The next morning the king came with Daniel, and found the seal intact. Then they entered the temple, and the king seeing that the food was all gone, cried out: "Great art thou, O Bel, and with thee is no deceit at all." But Daniel laughed once more, saying: "Behold now the pavement, and mark well whose footsteps are these." And when the king saw that they were the footsteps of men, women, and children, he was greatly enraged, and compelled the priests to show him how they entered the temple. As a result they were put to death, but the image of Bel was handed over to Daniel who destroyed the idol and his temple.
(2) The Story of the Dragon.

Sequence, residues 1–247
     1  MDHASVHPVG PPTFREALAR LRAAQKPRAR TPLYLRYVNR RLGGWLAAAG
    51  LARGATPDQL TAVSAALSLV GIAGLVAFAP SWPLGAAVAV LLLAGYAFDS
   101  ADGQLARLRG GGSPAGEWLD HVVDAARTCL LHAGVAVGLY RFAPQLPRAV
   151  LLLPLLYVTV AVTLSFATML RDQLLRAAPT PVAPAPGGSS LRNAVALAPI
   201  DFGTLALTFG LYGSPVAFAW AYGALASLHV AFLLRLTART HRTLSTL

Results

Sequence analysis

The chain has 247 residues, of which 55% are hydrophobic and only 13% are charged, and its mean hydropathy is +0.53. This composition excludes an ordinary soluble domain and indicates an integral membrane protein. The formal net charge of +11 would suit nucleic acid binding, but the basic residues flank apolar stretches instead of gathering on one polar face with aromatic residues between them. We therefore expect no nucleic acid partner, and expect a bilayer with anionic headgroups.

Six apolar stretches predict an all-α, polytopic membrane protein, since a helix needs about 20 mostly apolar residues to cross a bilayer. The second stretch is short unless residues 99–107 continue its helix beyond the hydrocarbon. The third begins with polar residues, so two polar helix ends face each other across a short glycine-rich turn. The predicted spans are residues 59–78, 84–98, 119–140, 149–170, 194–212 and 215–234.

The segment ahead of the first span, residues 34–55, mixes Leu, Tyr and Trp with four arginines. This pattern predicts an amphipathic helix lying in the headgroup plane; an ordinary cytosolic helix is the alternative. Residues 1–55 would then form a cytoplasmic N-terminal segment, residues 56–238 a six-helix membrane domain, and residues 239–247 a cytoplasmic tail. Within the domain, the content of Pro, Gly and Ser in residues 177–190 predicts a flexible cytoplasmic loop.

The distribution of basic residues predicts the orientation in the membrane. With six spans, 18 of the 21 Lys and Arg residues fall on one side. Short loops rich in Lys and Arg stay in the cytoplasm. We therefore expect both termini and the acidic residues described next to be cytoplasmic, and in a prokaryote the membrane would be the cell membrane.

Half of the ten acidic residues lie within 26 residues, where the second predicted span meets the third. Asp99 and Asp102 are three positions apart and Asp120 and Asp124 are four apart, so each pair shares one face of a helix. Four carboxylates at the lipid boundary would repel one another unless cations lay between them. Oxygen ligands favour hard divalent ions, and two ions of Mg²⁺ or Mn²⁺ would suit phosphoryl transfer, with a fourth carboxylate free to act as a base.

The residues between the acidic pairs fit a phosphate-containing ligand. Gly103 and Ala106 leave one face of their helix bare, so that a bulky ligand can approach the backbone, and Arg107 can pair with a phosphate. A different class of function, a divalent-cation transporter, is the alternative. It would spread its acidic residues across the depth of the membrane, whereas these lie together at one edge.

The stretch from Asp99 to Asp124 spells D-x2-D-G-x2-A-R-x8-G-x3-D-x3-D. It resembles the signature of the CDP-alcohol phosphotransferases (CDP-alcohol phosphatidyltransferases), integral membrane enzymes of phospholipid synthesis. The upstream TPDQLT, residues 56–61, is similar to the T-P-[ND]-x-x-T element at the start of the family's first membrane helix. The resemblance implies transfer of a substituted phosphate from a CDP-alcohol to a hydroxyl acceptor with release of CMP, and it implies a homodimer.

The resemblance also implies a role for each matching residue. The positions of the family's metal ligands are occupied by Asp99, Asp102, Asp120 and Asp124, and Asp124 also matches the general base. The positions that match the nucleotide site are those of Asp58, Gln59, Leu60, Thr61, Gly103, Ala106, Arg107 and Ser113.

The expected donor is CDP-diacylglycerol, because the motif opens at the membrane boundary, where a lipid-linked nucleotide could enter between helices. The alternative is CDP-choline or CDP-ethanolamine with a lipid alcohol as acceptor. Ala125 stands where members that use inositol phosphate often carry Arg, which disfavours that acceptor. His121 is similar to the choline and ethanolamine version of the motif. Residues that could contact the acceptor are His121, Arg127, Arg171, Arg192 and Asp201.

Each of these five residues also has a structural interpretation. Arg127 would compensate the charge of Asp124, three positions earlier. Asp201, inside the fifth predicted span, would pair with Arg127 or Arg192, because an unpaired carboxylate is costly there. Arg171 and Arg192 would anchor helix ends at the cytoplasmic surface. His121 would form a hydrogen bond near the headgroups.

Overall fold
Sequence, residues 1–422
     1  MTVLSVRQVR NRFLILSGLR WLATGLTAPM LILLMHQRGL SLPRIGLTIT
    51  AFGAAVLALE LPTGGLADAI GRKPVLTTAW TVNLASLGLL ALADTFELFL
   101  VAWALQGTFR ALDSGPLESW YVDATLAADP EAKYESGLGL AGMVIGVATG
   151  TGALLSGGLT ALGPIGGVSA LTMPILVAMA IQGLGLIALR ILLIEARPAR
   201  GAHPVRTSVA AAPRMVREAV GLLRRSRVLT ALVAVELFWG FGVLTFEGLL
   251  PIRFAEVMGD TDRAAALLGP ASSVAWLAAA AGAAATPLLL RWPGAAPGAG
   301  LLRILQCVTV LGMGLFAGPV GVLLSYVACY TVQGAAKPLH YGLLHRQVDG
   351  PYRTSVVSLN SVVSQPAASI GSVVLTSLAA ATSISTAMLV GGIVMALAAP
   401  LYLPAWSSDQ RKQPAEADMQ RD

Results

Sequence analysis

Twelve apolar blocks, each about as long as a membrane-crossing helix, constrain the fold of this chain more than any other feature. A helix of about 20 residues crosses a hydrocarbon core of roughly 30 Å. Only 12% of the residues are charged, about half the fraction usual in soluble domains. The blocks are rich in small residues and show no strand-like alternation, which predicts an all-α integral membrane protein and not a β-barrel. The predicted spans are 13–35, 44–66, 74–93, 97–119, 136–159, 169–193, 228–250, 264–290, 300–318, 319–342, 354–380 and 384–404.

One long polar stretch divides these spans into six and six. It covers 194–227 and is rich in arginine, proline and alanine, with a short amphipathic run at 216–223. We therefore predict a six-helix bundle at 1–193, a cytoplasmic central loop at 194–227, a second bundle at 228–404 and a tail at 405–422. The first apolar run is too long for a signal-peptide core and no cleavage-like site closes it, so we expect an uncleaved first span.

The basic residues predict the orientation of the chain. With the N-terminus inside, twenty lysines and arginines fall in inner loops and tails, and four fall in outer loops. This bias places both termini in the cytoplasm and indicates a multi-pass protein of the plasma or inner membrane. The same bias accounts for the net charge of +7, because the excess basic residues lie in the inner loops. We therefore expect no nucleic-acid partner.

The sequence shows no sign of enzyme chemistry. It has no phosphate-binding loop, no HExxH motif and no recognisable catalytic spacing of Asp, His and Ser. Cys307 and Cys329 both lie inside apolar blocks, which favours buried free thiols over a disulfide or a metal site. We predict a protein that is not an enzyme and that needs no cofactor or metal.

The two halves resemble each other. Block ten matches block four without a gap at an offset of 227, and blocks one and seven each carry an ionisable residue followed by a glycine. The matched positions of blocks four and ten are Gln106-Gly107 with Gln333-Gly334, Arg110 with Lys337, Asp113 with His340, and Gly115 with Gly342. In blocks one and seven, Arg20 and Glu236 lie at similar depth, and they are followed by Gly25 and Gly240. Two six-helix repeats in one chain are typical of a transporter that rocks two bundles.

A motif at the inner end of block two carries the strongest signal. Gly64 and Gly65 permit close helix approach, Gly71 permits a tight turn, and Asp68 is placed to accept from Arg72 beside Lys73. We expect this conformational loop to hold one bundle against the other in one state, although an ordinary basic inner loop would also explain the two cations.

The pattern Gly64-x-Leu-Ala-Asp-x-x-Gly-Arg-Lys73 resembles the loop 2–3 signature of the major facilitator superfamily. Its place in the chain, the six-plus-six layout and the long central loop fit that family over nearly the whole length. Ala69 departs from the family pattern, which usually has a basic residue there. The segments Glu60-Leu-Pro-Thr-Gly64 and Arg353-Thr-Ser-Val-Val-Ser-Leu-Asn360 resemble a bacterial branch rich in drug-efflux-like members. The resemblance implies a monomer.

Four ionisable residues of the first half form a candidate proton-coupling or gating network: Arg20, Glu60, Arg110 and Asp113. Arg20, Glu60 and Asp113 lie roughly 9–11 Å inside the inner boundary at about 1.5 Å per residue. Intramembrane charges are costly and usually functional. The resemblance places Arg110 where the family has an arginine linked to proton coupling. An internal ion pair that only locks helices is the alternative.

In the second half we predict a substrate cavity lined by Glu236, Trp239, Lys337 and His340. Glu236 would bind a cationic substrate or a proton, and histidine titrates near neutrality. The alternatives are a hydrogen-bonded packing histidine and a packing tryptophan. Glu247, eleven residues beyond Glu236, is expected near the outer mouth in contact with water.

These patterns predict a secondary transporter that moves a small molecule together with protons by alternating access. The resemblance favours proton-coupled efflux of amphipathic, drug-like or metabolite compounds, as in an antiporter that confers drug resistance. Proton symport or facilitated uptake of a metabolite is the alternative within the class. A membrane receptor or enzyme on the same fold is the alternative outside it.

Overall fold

In contrast to the Bel idol, which was made of clay and brass, there was another object of worship among the Babylonians, namely a great dragon, more correctly a great serpent. That this was living was obvious for it could be seen to cat and drink. Daniel is, therefore, invited by the king to worship it. This, of course, Daniel refuses to do; but he undertakes to slay the animal without the aid of weapons, and thus to show that it is no god. The king gives him leave to do so. Thereupon Daniel boils a mixture of pitch, hair, and fat, which he gives the creature to cat; nothing loth it swallows this, and bursts in consequence. Then Daniel taunts the Babylonians for worshipping a god like that. The Babylonians, however, are greatly incensed at the death of their god, and they conspire against the king, who, as they say, has become a Jew under the influence of Daniel. They demand, therefore, the person of Daniel, or else threaten to kill the king and his entire house. In this predicament the king delivers Daniel up to them to be thrown into a den of lions. Here he remains for six days, the lions not attempting to harm him. By this time, having had nothing to eat in the den of lions, Daniel was getting hungry. Thereupon an angel went to Palestine and saw the prophet Habakkuk carrying out food to the reapers; the angel bids the prophet go to Babylon and give this food to Daniel. The prophet protests that he does not know where Babylon is, still less where the den of lions is located; so the angel takes him by the hair, and with the blast of his breath sets him down in Babylon right over the den. Habakkuk then bids Daniel eat the dinner that God had sent him. Daniel, having given thanks to God, has his dinner; Habakkuk is then transported home again. Then, it being the seventh day that Daniel had been in the lions' den, the king came to bewail him, and, lo, he finds Daniel sitting there uninjured. So the king gives glory to the God of Daniel, who is released. But they who had sought his destruction are thrown into the den, and devoured in the presence of Daniel.